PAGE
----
The potential overturning of Roe V. Wade has given rise to a great deal of discussion regarding “handmaids”-the phrase made popular by author Margaret Atwood in her novel “A Handmaid’s Tale” and the subsequent television series. Many who are outraged by the apparent Supreme Court action are arguing that there are those on the extreme right that wish to turn women into “handmaids”-vessels for childbirth and nothing more. The other day, I heard a former prominent Republican official, now an MSNBC contributor, make the astonishing claim during a broadcast that the “handmaid” is an “Old Testament” institution embraced by extremist conservatives as opposed to the more progressive “New Testament” views shared by those on the left. This is nothing more than an old antisemitic trope-the idea that the “Old Testament” is a corpus of harsh laws while the “New Testament” is a book of love and forgiveness. This is rooted in the idea of “supersessionism”, the notion that Christianity, a religion of love, arose to replace Judaism, a religion bound by harsh legal strictures. This is nothing more than an ancient, and ultimately deadly, antisemitic canard.
The fact is that the use of surrogate mothers to provide children for an infertile couple does appear in the Hebrew Bible, but it is hardly held out as an example to emulate or as a practice for all time. Notably, it appears twice in the book of Genesis-first in the story of Abraham and Sarah (Genesis 16) and the story of Jacob and his wives (Genesis 29). Even a cursory examination of these stories shows that the institution of using a woman as a surrogate mother emerges from the agonizing pain of the seemingly infertile wife and is an act of desperation, not as a matter of course and accepted practice. Further, the pregnancy of the surrogate mother leads not to happiness and joy, but inevitably to pain, jealousy, sorrow and strife. Nowhere in the Hebrew Bible is surrogate motherhood, “handmaids”, if you will, held out as an example to emulate and celebrate-it is certainly not an “Old Testament” institution any more than Abraham calling his wife Sarah his “sister” (Genesis 12) a practice venerated by the Hebrew Bible.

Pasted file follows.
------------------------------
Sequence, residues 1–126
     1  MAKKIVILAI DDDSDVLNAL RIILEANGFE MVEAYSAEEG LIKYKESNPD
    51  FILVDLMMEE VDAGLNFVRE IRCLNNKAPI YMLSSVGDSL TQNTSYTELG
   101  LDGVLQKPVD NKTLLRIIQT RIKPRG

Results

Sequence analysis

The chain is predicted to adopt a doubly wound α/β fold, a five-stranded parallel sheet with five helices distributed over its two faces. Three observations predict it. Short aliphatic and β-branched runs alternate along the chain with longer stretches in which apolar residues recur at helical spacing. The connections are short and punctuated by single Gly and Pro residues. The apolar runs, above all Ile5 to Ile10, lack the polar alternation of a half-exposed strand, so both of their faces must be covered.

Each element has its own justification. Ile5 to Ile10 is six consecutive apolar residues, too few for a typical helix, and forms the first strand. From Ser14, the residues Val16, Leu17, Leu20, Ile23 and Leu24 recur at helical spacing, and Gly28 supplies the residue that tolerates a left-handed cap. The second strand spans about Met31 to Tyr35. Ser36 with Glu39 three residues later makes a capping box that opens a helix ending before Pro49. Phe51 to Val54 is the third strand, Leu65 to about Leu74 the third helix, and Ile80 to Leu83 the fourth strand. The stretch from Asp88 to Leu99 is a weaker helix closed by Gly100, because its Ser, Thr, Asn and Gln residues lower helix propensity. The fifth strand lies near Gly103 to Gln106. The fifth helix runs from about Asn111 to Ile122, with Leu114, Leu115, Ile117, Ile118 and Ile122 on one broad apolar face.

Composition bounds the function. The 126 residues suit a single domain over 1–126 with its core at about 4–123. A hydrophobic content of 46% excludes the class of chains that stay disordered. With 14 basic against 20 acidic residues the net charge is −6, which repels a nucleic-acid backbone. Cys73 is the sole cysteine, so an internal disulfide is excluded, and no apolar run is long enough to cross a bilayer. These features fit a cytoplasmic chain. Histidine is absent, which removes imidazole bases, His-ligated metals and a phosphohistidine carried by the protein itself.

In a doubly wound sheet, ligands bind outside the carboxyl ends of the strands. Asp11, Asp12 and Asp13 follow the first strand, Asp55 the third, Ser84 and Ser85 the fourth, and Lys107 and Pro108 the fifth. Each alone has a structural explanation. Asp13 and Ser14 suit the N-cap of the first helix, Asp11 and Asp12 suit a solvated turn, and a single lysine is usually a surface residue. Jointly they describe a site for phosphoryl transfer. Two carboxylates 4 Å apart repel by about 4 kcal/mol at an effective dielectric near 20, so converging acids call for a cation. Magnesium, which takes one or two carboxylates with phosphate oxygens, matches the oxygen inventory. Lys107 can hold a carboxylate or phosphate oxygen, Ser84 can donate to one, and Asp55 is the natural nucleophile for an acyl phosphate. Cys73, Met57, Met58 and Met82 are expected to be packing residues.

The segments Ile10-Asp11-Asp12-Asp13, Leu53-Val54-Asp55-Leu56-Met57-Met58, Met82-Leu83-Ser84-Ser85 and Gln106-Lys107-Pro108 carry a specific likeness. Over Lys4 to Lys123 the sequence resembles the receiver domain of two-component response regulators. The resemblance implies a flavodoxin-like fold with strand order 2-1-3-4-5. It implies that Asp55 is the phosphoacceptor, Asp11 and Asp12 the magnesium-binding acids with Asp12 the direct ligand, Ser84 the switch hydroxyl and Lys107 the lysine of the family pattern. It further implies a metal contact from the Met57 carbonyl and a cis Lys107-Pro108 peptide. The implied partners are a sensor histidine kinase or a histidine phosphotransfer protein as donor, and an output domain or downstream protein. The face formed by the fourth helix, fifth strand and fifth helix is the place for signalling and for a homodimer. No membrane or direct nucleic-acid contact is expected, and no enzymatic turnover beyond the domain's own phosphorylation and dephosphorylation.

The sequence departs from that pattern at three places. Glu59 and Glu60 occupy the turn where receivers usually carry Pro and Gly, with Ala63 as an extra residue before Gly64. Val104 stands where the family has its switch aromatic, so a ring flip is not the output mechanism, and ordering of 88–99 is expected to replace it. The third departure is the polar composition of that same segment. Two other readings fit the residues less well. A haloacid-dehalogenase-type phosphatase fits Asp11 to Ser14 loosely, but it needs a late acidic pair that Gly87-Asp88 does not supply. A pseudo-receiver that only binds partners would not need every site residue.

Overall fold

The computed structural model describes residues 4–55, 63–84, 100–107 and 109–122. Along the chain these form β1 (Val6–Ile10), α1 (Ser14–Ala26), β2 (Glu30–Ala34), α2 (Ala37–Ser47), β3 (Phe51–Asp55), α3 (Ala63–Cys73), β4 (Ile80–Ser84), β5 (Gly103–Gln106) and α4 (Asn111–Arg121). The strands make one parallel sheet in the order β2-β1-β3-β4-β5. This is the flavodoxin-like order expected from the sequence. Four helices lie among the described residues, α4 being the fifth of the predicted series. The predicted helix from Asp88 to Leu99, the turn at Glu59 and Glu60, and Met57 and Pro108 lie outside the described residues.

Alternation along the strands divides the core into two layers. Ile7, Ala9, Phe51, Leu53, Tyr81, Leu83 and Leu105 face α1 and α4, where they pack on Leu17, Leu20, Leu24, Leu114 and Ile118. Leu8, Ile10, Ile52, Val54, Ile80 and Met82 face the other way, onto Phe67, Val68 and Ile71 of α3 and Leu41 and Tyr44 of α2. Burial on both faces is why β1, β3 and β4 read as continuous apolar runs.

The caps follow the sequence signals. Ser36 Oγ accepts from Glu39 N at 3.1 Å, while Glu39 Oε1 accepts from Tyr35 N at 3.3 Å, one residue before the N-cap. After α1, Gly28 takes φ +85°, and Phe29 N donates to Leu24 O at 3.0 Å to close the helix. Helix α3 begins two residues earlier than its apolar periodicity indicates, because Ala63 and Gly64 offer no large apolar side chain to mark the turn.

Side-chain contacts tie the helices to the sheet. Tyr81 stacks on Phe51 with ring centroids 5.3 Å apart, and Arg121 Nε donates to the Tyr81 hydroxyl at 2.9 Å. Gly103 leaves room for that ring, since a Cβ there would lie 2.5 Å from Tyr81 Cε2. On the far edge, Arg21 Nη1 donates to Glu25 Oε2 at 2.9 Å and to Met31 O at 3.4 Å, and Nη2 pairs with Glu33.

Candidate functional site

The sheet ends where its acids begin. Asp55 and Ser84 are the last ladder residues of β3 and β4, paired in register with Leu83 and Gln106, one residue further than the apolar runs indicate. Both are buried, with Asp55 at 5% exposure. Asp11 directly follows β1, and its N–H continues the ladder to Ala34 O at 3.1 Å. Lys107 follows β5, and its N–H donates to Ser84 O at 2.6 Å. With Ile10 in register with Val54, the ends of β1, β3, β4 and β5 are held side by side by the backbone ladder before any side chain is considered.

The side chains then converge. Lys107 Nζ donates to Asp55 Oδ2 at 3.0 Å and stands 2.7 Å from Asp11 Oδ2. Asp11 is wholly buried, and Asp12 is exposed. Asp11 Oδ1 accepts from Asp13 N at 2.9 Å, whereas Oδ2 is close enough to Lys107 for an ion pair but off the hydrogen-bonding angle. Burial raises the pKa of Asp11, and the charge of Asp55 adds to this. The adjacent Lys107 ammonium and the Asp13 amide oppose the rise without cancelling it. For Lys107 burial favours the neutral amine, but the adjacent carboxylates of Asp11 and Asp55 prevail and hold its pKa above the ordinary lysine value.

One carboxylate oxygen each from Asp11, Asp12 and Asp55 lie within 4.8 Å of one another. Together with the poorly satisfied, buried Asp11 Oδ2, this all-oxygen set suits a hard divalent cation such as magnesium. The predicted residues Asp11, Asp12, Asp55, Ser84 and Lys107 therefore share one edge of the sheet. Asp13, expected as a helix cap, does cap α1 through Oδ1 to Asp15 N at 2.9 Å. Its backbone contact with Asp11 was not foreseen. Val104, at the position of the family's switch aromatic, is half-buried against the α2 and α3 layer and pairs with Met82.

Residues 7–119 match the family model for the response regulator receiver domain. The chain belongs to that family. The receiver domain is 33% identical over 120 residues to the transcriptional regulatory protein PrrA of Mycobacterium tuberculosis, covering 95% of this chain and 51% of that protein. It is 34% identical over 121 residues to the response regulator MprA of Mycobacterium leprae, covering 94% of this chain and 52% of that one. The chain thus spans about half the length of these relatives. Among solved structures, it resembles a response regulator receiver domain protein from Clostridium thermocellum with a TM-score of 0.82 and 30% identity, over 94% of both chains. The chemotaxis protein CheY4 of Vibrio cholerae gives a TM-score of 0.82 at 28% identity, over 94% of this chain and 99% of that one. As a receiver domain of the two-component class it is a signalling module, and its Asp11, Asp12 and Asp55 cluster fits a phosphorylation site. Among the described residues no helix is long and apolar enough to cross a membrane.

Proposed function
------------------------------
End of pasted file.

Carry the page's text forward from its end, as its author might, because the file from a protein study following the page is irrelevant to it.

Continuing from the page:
Indeed, in one of the noteworthy departures from the use of a surrogate “handmaid”, Isaac prays on behalf of his infertile wife, Rebecca, and she conceives and gives birth. (Genesis 25) The ancient sages see this act of prayer by Isaac as noteworthy and as an example of profound love.
If the Christian right has indeed adopted the notion of the “handmaid” as praiseworthy (or even if it is just in the literary mind of Margaret Atwood that they do) this idea has no bearing in actual Hebrew Biblical literature, and to say otherwise is nothing but rank antisemitism and an old antisemitic trope.